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Rosa Parks - Black History Month

Themes: Rosa Parks (1913 - 2005); Black History Month; Civil Rights; justice and equality.

Summary: On 1 December 1955 Rosa Parks refused to give up her seat on a bus to a white passenger, contravening local laws. Parks' actions made her a figurehead of the Civil Rights movement and an inspiration to those fighting for justice and equality.

Resources: this assembly uses a gallery slide show and a video clip. Pause the slide show at the point indicated to play the video clip.

Key links

The video:

The video clip is a dramatisation of Rosa Parks' bus journey on 1 December 1955 in the town of Montgomery, Alabama. Parks was making her usual journey returning home from work when she was asked to give up her seat in the section of the bus reserved for black passengers by a white passenger who had boarded and could not find space in the section reserved for whites. Parks refused to give up her seat and was later arrested and charged.

Parks recalled in her autobiography that it had been said she refused to get up 'because she was tired' but that in reality the only tiredness she had felt was being 'tired of giving in'. The dramatisation ends at the moment of her arrest.

Duration: 3' 19"

End of speech: '...we didn't know what to do about it.'

Video questions

What was the date Rosa Parks describes in the video?

1st December 1955

Where was Rosa Parks travelling?

She was returning home after work - looking forward to taking her shoes off and rubbing her feet

Where did Rosa Parks sit on the bus?

In the seats allocated to black people, behind those for white people

What happened after Rosa Parks refused to give up her seat?

First the bus driver asked her to move, then the police arrived and arrested her

What reason did some people give for Rosa Parks' refusal to move?

That she was tired

What does Rosa Parks say she was tired of?

She says she was tired of 'giving in'

Suggested framework

Content Guidance
1. Entry music Play your chosen music. You might consider 'We shall overcome' or music from the Southern States of America or a blues track. Dispay the first image from the gallery (see 'Key links' above).
2. Introduction The assembly takes the form of a slide show with text, with a pause after Image 6 to play the video clip. The suggested text is as follows. IMAGE 1: America in the 1950s… A land of great wealth…opportunity…freedom… But not for everyone. Because black people living in America at that time were often treated very differently to white people. In many parts of America they were kept apart – they were SEGREGATED. Black people couldn’t go to the same schools as white people… IMAGE 2: Couldn’t sit in the same cinemas… IMAGE 3: Couldn’t drink from the same water fountains… IMAGE 4: Couldn’t even sit in the same place on a bus… IMAGE 5: Many people – both black and white – knew that segregation wasn’t fair and they protested about it…but little changed. IMAGE 6: Then, one day in 1955, a woman called ROSA PARKS boarded a bus after work, in a city called Montgomery. What you’ll see now is an actress being Rosa, to tell us what happened on that extraordinary bus journey…
3. The video At this point you have the option to pause the slide show to play the video. The duration is 3' 19" and the final words are: '...just didn't know what to do about it.'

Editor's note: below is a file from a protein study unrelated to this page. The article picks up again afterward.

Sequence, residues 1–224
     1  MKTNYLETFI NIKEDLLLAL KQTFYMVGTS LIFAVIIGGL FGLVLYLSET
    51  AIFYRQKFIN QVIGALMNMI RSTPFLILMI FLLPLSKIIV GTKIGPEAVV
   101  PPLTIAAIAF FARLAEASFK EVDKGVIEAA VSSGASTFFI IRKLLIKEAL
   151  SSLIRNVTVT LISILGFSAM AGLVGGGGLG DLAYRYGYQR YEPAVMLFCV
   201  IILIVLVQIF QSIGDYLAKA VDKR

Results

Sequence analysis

4. After the video Continue with the final images of the gallery slide show. The suggested text is as follows. IMAGE 7: Rosa Parks was arrested for not giving up her seat on the bus - and charged with breaking the law. IMAGE 8: But people came to her support - first in Montgomery where she lived…and then all over America. Marches were organised to protest against segregation…marches that grew in to what became known as the Civil Rights Movement - a movement that demanded the same rights for all people. IMAGE 9: Rosa Parks became an important figurehead of that movement…because her simple act of defiance inspired others to take a stand against unfairness as well. IMAGE 10: The world is a very different place today…but there are still many things that are unfair. If you experience unfairness and wonder what to do, perhaps you - like many others - will remember the story of Rosa Parks and a famous bus journey made long ago…
5. Time to talk After the gallery slide show you could use the video questions to aid recall of the events. Pupils could turn to a partner to discuss what strikes them as extraordinary about Rosa Parks' story; what words would they use to describe her and her actions; what do they feel we can all learn from Rosa Parks' story?
6. Opportunity to sing If your assembly is to include a song this would be a good time to include it. Suggestions from BBC collections below.
7. Opportunity for reflection 'We’ve heard today about an extraordinary woman - Rosa Parks. Rosa Parks didn’t know that the 1st of December 1955 was going to be different to any other day…but on that day she decided the time had come…the time to take a stand against the unfairness that she saw around her… Think about a time when you’ve experienced things that seem unfair… How did you feel and what did you do..? Did you have the courage to say anything..? Sometimes it can be difficult to speak out against unfairness…but sometimes all it takes is a single courageous voice to begin to put things right again…'
8. Opportunity for prayer Use your usual form of address ('Dear God', 'Lord Jesus' etc) and: 'Thank you for those people, like Rosa Parks, who have the courage to take a stand. Help each of us to take a stand when we see things around us that are unfair... So that together we can work for a better world.'

Suggested songs

Title Collection Significant words
'You've got to move' Come and Praise, no 107 'You've got to move when the spirit says move'
'Together' All about our school, no 14 '...together, we can work it out together...'